Second year Software Engineering students Paul Darragh and Nickolas Cifranic have been involved with Student Government (SG) this past year as the freshman senator for the 2011-12 academic year and the current Golisano senator, respectively.
But now that the 2013 student government elections are in they will be serving as the new student government president and vice president in the upcoming year. The two candidates received 872 votes, or 39.2 percent of the popular vote.
The Darragh and Cifranic campaign was based largely on three major changes the duo wishes to make at RIT during their time in office. The first change dealt with videotaping classes at RIT. This service will help students who miss a class catch up; it will assist students who are thinking about changing their major and allow them to experience the material before changing; and will allow for students to review for tests. “We’re going to be in semesters, and that’s 15 weeks’ worth of information,” Darragh explained. “I don’t know about you, but personally I don’t remember everything from week one now.”
The second change in the president and vice president’s plan looks at creating a way for students to rent bikes on campus. Ideally, this would decrease bike theft at RIT and also allow students who don’t have the money for a bike or who live too far away from campus a way to quickly travel to classes.
Finally, Cifranic mentioned requiring teachers to use myCourses. Cifranic and Darragh cited student complaints of teachers who don’t put up lecture material or grades on the site as the reason for this bullet point in their platform.
The two students hope to continue work on some of the issues that current President Taylor Deer and Vice President Sarah Thomas have started addressing this past academic year. Some of these issues include the debit problems that have surfaced and more work with the bus system. Darragh talked of extending bussing for breaks so that the bus would not only transport students to the airport at the beginning of the vacation but also bring them back to campus when the break was finished.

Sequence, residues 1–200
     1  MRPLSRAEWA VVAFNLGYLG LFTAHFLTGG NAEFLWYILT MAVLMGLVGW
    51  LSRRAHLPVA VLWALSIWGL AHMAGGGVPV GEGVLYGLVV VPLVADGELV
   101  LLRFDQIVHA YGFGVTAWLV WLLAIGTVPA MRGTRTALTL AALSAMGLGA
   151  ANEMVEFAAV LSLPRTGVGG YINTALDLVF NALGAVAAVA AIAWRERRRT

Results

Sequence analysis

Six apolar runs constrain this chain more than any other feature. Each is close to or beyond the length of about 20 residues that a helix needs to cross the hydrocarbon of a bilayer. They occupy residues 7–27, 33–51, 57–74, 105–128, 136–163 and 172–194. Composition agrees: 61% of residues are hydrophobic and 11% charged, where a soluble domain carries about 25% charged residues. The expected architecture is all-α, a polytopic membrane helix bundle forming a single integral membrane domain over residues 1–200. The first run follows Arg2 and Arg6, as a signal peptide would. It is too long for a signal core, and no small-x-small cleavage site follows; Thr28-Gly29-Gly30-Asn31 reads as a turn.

One of the main goals stressed by Darragh and Cifranic was staying connected with the students, clubs and organizations on campus, an element of their campaign that they believed helped them win. They hope to do this by advertising a day each week where they will be eating lunch at a different place on campus and encouraging students to eat or talk with them. Another way of increasing student voice will involve utilizing a new technology known as “Ask SG.”
“It’s an SMS application, so it’s text messaging,” said Cifranic, explaining it as being similar to ChaCha. “An RIT student, if they have a question about Student Government, would text their message to a number and they would get a response.” Cifranic stated that this system will possibly be in place by the fall semester.
And the changes don’t end there. Darragh said that they have a long list of things that they would like to implement to make student life easier, including a reduced price dry cleaning service for students when the career fair approaches, more water bottle stations (as plastic water bottles will soon no longer be available by vending machine) and a taxi service with reduced rates for students.
After planning for the election for nine months, the incoming president and vice president claimed that they were relieved to hear that they had won and said that they hope that changes that are made will assist students on campus.
Darragh and Cifranic encouraged students to begin reaching out to them through Paul Darragh’s email (firstname.lastname@example.org) or through their personal Facebook pages.